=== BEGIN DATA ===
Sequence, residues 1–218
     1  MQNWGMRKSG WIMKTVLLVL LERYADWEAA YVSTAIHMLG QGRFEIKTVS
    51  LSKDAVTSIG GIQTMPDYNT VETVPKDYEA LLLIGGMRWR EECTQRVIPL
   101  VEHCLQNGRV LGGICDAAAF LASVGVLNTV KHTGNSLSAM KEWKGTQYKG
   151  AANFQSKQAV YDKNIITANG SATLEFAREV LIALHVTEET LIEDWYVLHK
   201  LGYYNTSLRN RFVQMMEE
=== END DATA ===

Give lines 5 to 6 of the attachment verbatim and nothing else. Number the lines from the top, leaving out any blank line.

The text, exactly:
   151  AANFQSKQAV YDKNIITANG SATLEFAREV LIALHVTEET LIEDWYVLHK
   201  LGYYNTSLRN RFVQMMEE